December 15, 2003 | David F. Coppedge

The Magnetic Sky Is Falling

Space.Com reports that the strength of Earth’s magnetic field has dropped 10% over the last 150 years.  At that rate of decline, it could vanish in 1500 to 2000 years.  Scientists gathered recently at a meeting of the American Geophysical Union pondered whether a reversal is occurring, but a Harvard scientist claimed that would be a rare event. 
    If the magnetic field continues to decline, life on Earth is in grave danger in the far future.  Atmospheric ozone would diminish, exposing life to deadly ultraviolet radiation, and high-energy cosmic rays and solar storms would put life at risk of ionizing radiation, leading to cancer, blindness and neurological diseases.

The strength of the earth’s magnetic field is one of the longest-measured physical properties of our planet.  It shows a steady decline over the past 150 years.  There is much we still do not understand about planetary magnetic fields.  What causes it?  (The leading dynamo theories are beset with complexities that perplex the experts.)  How big did it get in the past?  (Earth still has the strongest field of any rocky planet, by a large factor.)  Will it reverse and go back up to its former strength?  If it did so in the past, how did life survive the periods when it was weakest?  How long does a reversal take?  There is much we do not know, but one thing is clear from the empirical data: in the present epoch, it is dropping at “an alarming rate” (see Nov 6, March 4, and 11/25/2002 headlines).  Those who believe such a dynamic property can be sustained for 4.6 billion years must add secondary assumptions and subplots to their stories.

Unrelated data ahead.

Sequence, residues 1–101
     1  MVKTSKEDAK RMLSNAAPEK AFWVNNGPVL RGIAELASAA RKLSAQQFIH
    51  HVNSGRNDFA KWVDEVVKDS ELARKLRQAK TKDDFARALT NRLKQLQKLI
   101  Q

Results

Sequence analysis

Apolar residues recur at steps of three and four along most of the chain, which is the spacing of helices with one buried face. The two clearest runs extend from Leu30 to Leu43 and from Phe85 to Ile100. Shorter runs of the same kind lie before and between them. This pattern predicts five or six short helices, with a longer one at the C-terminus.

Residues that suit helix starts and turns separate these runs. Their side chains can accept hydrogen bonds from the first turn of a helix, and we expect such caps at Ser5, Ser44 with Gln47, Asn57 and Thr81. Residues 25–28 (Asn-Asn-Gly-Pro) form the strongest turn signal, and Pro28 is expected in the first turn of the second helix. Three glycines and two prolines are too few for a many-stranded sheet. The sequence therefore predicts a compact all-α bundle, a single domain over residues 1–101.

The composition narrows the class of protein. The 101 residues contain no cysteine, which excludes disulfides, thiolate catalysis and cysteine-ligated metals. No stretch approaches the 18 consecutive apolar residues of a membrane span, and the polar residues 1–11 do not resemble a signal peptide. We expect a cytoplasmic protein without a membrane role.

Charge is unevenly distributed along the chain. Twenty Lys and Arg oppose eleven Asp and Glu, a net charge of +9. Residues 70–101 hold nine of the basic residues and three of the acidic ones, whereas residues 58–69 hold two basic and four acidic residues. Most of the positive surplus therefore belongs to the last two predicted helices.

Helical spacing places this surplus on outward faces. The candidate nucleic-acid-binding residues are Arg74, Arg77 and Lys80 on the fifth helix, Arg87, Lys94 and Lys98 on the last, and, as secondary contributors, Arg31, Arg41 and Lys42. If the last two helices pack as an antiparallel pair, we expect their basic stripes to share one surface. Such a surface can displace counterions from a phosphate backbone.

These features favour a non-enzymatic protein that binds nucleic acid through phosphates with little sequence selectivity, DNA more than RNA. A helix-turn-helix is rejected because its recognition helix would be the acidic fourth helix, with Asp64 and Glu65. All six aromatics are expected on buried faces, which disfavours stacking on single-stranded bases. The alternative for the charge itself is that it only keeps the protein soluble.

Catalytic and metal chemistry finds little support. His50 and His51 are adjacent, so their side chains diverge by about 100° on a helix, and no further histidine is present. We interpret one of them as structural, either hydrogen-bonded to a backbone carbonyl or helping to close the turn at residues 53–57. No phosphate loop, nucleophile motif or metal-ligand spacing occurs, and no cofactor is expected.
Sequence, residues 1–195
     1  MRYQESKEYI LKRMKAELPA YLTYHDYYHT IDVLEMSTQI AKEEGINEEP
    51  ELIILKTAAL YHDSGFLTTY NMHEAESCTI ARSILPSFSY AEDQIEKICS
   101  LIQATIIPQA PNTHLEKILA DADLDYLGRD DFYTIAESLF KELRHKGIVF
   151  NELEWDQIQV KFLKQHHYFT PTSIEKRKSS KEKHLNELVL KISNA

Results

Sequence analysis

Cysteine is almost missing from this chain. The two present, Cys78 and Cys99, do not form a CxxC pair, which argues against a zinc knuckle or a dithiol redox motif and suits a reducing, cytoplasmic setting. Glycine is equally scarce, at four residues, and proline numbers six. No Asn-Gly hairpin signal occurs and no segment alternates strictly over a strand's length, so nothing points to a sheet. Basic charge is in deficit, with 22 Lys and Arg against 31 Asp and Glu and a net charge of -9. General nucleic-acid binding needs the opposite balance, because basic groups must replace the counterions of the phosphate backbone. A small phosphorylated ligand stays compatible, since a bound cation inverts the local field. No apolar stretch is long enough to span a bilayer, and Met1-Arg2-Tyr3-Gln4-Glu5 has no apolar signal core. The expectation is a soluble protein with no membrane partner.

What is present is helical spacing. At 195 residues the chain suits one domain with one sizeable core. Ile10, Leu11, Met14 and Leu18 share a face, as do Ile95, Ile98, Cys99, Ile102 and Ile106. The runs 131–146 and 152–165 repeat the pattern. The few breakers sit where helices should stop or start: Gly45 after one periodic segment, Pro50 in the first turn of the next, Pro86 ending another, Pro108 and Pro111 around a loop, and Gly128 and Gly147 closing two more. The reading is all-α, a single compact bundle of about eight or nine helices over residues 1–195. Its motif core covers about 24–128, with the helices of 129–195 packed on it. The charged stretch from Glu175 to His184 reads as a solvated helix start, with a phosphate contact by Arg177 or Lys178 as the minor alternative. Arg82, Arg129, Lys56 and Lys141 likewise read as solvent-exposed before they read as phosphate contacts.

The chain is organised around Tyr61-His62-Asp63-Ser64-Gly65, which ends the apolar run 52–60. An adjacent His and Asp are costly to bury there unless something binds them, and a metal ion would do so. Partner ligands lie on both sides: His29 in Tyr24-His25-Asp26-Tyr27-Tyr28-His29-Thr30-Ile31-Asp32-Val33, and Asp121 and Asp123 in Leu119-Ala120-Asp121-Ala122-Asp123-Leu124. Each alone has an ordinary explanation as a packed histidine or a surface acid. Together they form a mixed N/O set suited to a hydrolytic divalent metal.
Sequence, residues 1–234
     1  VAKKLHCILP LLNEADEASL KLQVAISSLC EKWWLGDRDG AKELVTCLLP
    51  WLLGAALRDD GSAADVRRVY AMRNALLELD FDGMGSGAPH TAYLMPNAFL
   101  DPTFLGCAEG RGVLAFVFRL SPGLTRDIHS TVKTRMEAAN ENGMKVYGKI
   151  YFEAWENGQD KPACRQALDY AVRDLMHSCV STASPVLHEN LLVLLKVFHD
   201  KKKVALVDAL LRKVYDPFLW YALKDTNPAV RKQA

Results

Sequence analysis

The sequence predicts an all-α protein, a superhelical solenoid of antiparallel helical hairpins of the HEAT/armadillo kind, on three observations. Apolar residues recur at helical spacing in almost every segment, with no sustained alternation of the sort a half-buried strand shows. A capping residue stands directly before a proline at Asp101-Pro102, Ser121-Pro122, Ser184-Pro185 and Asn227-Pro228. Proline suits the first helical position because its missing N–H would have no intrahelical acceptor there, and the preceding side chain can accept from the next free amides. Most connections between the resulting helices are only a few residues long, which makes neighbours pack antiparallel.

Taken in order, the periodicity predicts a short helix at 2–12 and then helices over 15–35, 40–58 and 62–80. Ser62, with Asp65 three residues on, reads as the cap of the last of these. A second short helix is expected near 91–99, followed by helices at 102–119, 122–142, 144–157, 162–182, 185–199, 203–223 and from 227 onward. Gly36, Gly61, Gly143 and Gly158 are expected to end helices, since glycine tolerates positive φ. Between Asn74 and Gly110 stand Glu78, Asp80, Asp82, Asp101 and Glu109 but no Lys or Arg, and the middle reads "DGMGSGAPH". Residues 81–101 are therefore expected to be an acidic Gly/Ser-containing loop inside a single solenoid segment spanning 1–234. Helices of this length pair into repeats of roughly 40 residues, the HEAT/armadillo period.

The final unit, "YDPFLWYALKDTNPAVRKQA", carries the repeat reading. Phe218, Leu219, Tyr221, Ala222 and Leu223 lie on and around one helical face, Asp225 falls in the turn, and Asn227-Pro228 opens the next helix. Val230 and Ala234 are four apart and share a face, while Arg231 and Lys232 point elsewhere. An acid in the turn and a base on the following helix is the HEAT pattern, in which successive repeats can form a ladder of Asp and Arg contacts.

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Categories: Physics

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